Learning Center

Crib Safety: How to keep your little one snuggly and safe

November 29, 2011 - 11:38am
Photo of a child in a crib

Preparing the nursery is one of the exciting joys of expectant motherhood.  A lot of thought goes into paint color, fabric selection and even furniture placement. With good reason: Sleep is an essential component of growth and development in babies and toddlers.

This past June, the National Institutes for Health in partnership with the Consumer Product Safety Commission announced new standards for U.S. crib manufacturers. The standards outlaw the sale and production of dangerous drop-side cribs, which are designed with drop-down side rails, because they run the risk of malfunctioning, wedging babies between rail and mattress and causing suffocation.  

In addition to banning drop-side cribs, the new standards require stronger crib-mattress supports,  more durable hardware and more rigorous safety testing.  As a result, the nursery should become a much safer place for baby—and there are steps you can take as a parent to make it even safer.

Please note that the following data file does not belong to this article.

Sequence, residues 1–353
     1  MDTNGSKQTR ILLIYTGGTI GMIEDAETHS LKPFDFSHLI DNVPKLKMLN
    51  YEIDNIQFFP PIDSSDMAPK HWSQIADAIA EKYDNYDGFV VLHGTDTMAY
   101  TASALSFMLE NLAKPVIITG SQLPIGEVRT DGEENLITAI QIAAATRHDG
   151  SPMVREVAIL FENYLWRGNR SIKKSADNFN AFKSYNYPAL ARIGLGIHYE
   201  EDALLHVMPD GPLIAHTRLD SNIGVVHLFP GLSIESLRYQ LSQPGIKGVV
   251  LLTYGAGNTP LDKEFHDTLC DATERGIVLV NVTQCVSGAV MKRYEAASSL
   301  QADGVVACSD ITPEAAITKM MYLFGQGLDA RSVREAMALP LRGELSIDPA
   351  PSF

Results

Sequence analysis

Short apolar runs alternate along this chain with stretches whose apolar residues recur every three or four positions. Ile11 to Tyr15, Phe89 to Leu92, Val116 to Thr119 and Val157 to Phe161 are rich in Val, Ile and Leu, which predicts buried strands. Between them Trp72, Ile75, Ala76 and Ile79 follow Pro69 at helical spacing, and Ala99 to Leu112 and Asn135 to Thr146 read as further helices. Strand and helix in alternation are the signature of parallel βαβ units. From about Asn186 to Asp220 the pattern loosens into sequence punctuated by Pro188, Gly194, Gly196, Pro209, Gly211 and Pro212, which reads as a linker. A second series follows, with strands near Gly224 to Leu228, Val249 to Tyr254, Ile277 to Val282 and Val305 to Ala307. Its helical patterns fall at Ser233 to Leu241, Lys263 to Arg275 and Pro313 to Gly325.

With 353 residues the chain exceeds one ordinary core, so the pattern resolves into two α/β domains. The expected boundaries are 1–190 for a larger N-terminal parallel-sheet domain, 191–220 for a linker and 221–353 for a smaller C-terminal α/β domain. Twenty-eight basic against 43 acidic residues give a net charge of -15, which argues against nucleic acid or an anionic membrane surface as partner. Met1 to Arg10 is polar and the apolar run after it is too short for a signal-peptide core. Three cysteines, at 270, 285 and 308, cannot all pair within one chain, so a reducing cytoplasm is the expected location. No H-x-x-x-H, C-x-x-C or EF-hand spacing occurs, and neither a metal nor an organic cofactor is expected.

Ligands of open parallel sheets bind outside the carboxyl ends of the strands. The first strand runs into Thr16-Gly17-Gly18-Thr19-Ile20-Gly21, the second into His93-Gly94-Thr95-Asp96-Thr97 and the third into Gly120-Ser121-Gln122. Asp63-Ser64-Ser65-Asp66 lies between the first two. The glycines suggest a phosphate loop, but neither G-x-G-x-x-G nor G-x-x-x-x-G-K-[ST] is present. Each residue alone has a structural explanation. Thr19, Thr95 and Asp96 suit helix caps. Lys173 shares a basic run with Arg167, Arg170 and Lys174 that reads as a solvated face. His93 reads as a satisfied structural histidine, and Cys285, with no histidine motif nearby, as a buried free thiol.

Sudden Infant Death Syndrome refers to any sudden, unexplained death occurring in infants who are one-year old or younger. Though the cause of SIDS remains largely unknown, you should adhere to certain practices when you lay your little one down for sleep in order to reduce the likelihood of SIDS claiming another victim.

The National Institute of Child Health & Human Development has compiled a list of helpful crib-safety Tips, to reduce the risk of SIDS and contribute to a sounder sleep for both mother and child. They include:

  • Always put baby to sleep on his/her back and keep the placement consistent. Babies whose sleep position changes from back to stomach are at greater risk for SIDS. Make sure everyone who puts baby down to sleep—from grandma to a babysitter—knows to place baby on his/her back, in a crib with a firm, tight-fitting mattress.
  • Save plush items for the playpen. Keepbaby on a firm mattress. Never put plush items such as pillows, quilts, comforters, sheepskins and pillow-like bumper pads or stuffed toys in the crib with any infant who is less than one-year old.
  • Consider using a sleeper instead of a blanket. A sleeper fits more snugly around baby, reducing SIDS risk. When you do use a blanket, place baby with feet facing the foot of the crib. Tuck a thin blanket around the crib mattress that goes no higher than baby’s chest. Use only a fitted bottom sheet that’s specifically made for crib use.

Visit the National Institute of Child Health & Human Development for the complete list and to learn more about SIDS and crib safety.

What did you do to make the nursery safe and special for your baby? Let us know in the Comments section, below.

Our family- and internal-medicine doctors at MetroWest Physician Services are always on hand to answer your questions about crib safety. Make an appointment today.

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